As the era we live in becomes more and more unpredictable, as we start seeing ever so acutely how one issue in our community unexpectedly impacts another, as we realize that the future, whatever it will be, probably won’t be a simple linear extrapolation of past growth…

We come to realize that expertise based on the past has less and less relevance. Even major business publications are questioning the purpose, the most rudimentary value, of expert advising.[i] They’ve been lead down the wrong path a few times as well.

Private sector businesses, from the largest to the smallest, are increasingly turning to crowdsourcing to try to get a handle on the emerging issues, the disruptions and the out-of-left-field new ideas that have the potential to catapult them into a market lead (or, if they miss it, shatter them to bits). Crowdsourcing enables businesses to gather ideas, solutions, designs, sometimes even blueprints, from a wider range of people than they could every employ or contract on their own.

And even more surprisingly, businesses increasingly use the “crowd” to sift through the options and select the ones that will work best. Academic research[ii] has been demonstrating for a few years that the Crowd does these two steps better than the Experts, and that crowd-designed and crowd-selected results tend to perform better on a variety of measures than when experts design and select them.

Businesses have to work like fury to attract their Crowd. They put a huge amount of effort into reaching their Crowd, convincing their Crowd that it’s worth their time to participate, keeping their Crowd plugged in and participating. Their ability to provide value depends on their Crowd, and when you’re crowdsourcing for T-shirts or motorbikes, you’re competing for their attention with a lot of other shiny but not all that important products.

In our world, where we’re trying to make communities better, we’ve got a Crowd that’s eager and waiting for their chance to participate.

We already have what those businesses are spending so much money to build.

We just need to open the doors, to give them a way to participate, in a way that matters.

But just asking isn’t enough

If you’ve been around the block a few times, you know what happened the last time you asked residents what they wanted. I often compare the responses we get to the lists that my kids used to prepare for Santa Claus:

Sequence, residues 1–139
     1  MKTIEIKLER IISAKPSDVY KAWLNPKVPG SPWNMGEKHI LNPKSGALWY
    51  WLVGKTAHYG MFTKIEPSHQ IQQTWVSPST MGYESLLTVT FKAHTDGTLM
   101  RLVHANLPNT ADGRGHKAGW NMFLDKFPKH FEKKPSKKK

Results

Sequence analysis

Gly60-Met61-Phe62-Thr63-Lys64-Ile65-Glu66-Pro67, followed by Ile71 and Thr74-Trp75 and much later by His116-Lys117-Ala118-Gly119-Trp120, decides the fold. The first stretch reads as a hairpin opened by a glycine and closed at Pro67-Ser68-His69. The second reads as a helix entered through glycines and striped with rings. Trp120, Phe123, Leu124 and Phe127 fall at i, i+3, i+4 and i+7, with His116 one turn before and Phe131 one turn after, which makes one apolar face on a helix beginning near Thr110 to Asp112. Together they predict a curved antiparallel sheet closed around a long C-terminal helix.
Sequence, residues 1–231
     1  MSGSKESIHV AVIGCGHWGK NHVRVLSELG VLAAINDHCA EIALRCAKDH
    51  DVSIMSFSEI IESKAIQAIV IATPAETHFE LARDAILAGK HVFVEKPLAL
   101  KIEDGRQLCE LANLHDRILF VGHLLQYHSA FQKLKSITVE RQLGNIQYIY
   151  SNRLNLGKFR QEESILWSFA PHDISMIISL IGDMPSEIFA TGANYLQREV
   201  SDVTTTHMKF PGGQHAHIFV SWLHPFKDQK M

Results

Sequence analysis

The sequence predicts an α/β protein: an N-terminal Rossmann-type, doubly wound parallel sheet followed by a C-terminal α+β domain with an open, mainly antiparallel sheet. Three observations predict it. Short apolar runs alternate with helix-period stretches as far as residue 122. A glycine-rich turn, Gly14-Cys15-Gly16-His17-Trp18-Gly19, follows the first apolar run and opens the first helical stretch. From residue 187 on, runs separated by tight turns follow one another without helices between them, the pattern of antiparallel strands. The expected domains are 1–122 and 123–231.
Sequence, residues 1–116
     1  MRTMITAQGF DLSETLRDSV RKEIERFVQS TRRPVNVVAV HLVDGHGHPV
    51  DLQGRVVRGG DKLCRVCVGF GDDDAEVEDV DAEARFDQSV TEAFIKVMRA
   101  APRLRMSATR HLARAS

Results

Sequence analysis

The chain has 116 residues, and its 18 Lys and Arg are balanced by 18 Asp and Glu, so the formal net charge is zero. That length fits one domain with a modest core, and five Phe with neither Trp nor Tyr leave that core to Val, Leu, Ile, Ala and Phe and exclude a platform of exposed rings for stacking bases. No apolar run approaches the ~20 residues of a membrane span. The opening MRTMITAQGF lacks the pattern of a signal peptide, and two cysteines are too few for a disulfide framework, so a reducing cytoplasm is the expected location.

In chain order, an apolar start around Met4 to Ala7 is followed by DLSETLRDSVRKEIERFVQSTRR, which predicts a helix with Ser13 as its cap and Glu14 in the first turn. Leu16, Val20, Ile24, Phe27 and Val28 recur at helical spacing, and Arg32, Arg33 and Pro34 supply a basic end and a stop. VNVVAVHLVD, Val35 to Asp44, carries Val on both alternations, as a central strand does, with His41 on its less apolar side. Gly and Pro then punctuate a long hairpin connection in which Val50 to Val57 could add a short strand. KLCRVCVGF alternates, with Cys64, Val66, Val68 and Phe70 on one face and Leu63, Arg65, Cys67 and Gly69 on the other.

“I want a dollhouse… and a pony… and a rocket launcher… and a baby brother…and a unicorn…”

Kids eventually figure out that Santa Claus can’t actually deliver the way he promised, and that’s when they start questioning our whole system of magic-holiday-gift-givers.

Adults who respond to a civic invitation to identify their “vision” or give their “recommendations” often don’t know that what they’re offering is at the same level of realism as that baby brother or unicorn. If you don’t know the ins and outs of zoning regs and state enabling regulations and nonprofit funding sources, you’re not going to know that what you’re asking for isn’t feasible. And the way we community leaders handle those uninformed requests looks a whole lot like how we as parents handle Santa Claus questions: we sidestep, we hem and haw, we make empty promises to “see what happens,” and then… we fail to deliver, with no comment.

If we want to meaningfully engage the power and potential of our people, we need to give them a channel. We need to enable, empower them to do much more than spout ill-informed NIMBYisms or buy into knee-jerk cause-effect assumptions. We need to

  • Draw on the unique knowledge, perspective and expertise of everyone we can get,
  • Get them reasonably up-to-speed on the issues, and
  • Engage them — get their hands deeply into — the search for solutions… solutions that are realistic and address the complexities and ambiguities of real community life.

We often shy away from that, because we don’t trust the public. We’re afraid they’ll say something crazy, they’ll have different ideas, that they won’t Get It. But chances are, there’s something we’re not Getting, either. The crucial, and too often missing piece, is that we have to create a structure in which constructive collaboration between us and them can happen.

How to CrowdSource Wisdom

Every Crowdsourcing Wisdom event works a little differently, and the details of how you fit the process to the people cannot be overlooked. But here is the basic structure:

  1. Meeting attendees work together in small groups. Whenever possible, it’s good to make the groups random so that people are less likely to be working with people who are exactly the same as they are.
  2. Establish some basic rules of engagement — guidance as to treat each other, how to make decisions, how to resolve disputes, and so on. Basic rules of engagement give everybody some confidence that they will be able to participate, and have a fair chance to be heard — and it gives them the power to stand up if someone is trying to hog all the attention.